Even without the planters to serve as patrons, protectors, and role models, it made perfect sense to tie one’s aspirations to future slaveholding. White hands might decide to try somewhere else in a year. They could hare off to Texas or Arkansas. They would demand treatment that slaves could not. Should one find white labor that would not go off to greener pastures and would work as hard as a slave, then even after winning the labor lottery you still needed more hands than the local white population could supply. One would inevitably look to slavery, a fixed fact of life for as long as anyone could remember, as the way to get ahead. Thus one would stand ready, if perhaps not always eager

to ride patrol, to help discipline the slaves, and to take part in the political and police aspects of the slave regime-in short, to think and act life slaveholders even before becoming one. That many were motivated by racism, sadism, or a penchant for putting-on-dog is undeniable. But even without those pleasantries, the path of social duty emerged as the path of self-interest.

It doesn’t take false consciousness or foolishness to arrive at that conclusion and consequently stand ready to fight to save slavery. It would even, necessarily, require ubiquitous racism. The advantages of the system in itself would make converts and produce the racism to order. A poor farmer did not have precisely the same stake in the system as a great enslaver did, but their social, cultural, political, and economic interests all closely aligned.

Genovese’s example concerned poor farmers in the plantation belt. They could hold in the upcountry with fewer slaves. Raw racism may play a larger role, as the undeveloped upcountry with its mostly white populations often understood that the presence of planters meant also the presence of slaves. They’d rather have neither than both, a position not that far from that of some Kansas free state men. If the upcountry men disliked having planters, a species of outsider, dictate to them then they disliked Yankee dictation all the more and might understand further integration with the nation by internal improvements and the resulting commercial intercourse. That could bring the slaves in, and had helped bring them to former upcountry tracts in the past.

But the upcountry white belts did, ultimately, have weaker ties to the Confederate cause because of their smaller investment in and immersion with slavery. The more upcountry-style Border States did not secede. West Virginia bolted Virginia to come back. Sometimes fierce resistance erupted in Eastern Tennessee, western North Carolina, and elsewhere beyond slavery’s easy reach. If the South had men with little investment in the slave system, then they lived in those places. If such men fought routinely for the Confederacy, we would expect them to exhibit a high degree of loyalty to it. Yet instead we observe districts ranging from divided to actively rebellious just where we would expect the slavery-indifferent, easily fooled Confederate soldiers to appear most often.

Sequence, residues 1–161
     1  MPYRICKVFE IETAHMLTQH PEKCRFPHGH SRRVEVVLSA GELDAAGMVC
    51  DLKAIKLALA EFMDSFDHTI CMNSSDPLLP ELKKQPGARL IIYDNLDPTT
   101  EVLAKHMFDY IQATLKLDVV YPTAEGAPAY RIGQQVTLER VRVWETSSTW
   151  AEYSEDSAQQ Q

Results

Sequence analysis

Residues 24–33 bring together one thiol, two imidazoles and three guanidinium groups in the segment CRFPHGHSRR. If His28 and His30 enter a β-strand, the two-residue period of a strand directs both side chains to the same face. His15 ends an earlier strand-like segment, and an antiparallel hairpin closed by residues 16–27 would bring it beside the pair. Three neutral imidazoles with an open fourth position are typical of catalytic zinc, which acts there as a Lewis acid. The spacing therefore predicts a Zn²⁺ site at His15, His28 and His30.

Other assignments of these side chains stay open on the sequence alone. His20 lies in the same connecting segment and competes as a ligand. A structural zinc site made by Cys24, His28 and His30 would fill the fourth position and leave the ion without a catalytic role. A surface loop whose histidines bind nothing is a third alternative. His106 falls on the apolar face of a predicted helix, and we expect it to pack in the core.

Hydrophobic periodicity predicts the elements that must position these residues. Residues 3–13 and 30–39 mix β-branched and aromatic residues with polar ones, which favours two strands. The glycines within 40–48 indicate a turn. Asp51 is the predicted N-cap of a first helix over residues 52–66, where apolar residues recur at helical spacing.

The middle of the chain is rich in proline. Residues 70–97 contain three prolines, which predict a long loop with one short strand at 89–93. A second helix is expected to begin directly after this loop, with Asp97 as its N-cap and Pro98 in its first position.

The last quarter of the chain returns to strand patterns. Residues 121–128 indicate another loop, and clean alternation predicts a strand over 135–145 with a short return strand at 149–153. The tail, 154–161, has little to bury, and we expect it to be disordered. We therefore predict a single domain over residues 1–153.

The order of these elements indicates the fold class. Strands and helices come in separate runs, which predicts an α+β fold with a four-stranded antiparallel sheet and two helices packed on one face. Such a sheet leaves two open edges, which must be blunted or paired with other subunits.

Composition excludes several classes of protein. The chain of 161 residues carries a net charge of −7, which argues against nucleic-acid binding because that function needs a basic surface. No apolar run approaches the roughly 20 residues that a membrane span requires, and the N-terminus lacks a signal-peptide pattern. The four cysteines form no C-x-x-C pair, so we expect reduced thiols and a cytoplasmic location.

A South Carolina artilleryman at Petersburg.

A South Carolina artilleryman at Petersburg.

I understand the desire to see one’s ancestors, personal or figurative, in only the best light, but it doesn’t make for good history. In the absence of clear evidence to the contrary, it seems far more reasonable to operate under the assumption that people of a time and place act within the general norms rather than against them. This holds true even before we consider the clear fact that the Confederacy made no secret of its purpose, but rather trumpeted it loudly. That alone ought to make it clear that men who signed on knew they fought for slavery and accepted the fact, but even if the Confederate leadership managed a remarkable conspiracy of silence and dissembling, as apologists imagine, the social, economic, and political patterns one sees in Genovese and elsewhere would make a powerful, if somewhat less quotable, case that most Confederates both knew they would and chose to fight and die for slavery.

The Constitution and Ritual of the Kansas Legion, Part Five

Cyrus K. Holliday, Grand Vice-General of the Kansas Legion

Cyrus K. Holliday, Grand Vice-General of the Kansas Legion

Parts 12, 3, 4Squatter Sovereign article

Patrick Laughlin published the constitution and rituals of the Kansas Legion, but his article included more information still. It appears that when the Grand Encampment had their first session, on February 8, 1855, they passed a resolution that offers a useful reminder that their movement did not consist entirely of twenty-first century egalitarians, but rather nineteenth century white Americans. In April, the legion’s founders wrote their constitution. In February, they had this to say:

Whereas, while we regard the Freedom of Kansas Territory as the highest of all political considerations which may now or hereafter engage our attention as a free and intelligent people, we at the same time regard it as impolitic and wrong to adopt any line of policy that may in any manner interfere with the domestic relations of our neighboring States or Territories–therefore,

Resolved, that we hold it to be just and proper in our relations with our sister States as a fundamental principle of action, and most promotive of the public good of the Territory, that laws preventing the emigration of either Slaves or Free negroes be enacted by our coming General Assembly and eventually engrafted in the constitution of the State.